April 10 – Foreign Detachment: The Making and Unmaking of Cross-Border Ties – Research Seminar

Thursday, April 10th, 12:30pm
Social Science Building, Room 101

This event is jointly sponsored by the UCSD Sociology Department and CCIS.


rogerRoger Waldinger is a Distinguished Professor of Sociology at UCLA. He has worked on international migration throughout his career, writing on a broad set of topics, including immigrant entrepreneurship, labor markets, assimilation, the second generation, high-skilled immigration, immigration policy, and public opinion. The author of six books, most recently, How the Other Half Works: Immigration and the Social Organization of Labor (University of California Press, 2003), he is a 2008 Guggenheim Fellow; his research has been supported by grants from the Ford, Haines, Mellon, National Science, Sloan and Russell Sage Foundations.

April 2 – Who Favors Employment Discrimination Against Immigrants? – CCIS Spring Seminar

Wednesday, April 2, 12:00pm 
Eleanor Roosevelt College Administration Building 
Conference Room 115, First Floor
 Reception will follow


Please join Abdeslam Marfouk for his presentation concerning European perceptions of immigration and employment rights.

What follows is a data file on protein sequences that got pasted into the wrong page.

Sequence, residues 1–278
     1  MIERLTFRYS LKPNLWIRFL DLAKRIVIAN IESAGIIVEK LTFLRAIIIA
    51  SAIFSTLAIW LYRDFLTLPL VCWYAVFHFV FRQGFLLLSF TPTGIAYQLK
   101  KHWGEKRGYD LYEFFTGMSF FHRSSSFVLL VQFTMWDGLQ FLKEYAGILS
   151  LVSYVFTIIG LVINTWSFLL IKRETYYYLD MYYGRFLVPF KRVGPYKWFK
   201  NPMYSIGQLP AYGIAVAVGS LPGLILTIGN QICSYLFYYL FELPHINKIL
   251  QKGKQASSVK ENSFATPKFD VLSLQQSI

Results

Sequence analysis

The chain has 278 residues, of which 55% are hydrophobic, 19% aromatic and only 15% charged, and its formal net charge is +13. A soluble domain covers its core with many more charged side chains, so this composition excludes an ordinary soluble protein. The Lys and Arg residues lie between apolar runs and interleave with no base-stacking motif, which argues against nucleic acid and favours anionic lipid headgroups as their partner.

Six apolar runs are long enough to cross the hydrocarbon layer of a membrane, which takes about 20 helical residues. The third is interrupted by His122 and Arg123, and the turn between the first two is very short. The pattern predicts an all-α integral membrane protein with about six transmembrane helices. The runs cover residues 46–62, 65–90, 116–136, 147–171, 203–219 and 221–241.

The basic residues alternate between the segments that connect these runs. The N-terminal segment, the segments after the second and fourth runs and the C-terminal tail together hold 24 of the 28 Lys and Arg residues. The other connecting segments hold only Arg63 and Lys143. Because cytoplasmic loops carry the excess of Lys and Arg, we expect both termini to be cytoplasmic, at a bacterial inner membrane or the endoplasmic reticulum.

Utilizing data from the European Values ​​Study (EVS), the seminar focuses on European attitudes towards immigrants, especially European preference for discrimination against immigrants in terms of access to jobs.

On average, 67 percent of European Union citizens agree with the statement that when jobs are scarce, employers should give priority to citizens over non-naturalized immigrants. The main objective of this talk is to answer to the following question: “Who favors discriminating against immigrants’ access to jobs?” and examine the relationship between the clichés against immigration and this discrimination.


Marfouk, Abdeslam

Dr. Abdeslam Marfouk is research fellow at the Institut Wallon de l´Evaluation, de la Prospective et de la Statistique (IWEPS) and Research Associate at the Department of Economic (DULBEA) of the Universite Libre de Bruxelles [ULB], Belgium. Currently, he is a Visiting Scholar at the Center for Comparative Immigration Studies
 (CCIS) of the University of California at San Diego (UCSD). He has authored research reports, books chapters and articles in international journals addressing different issues in international migration.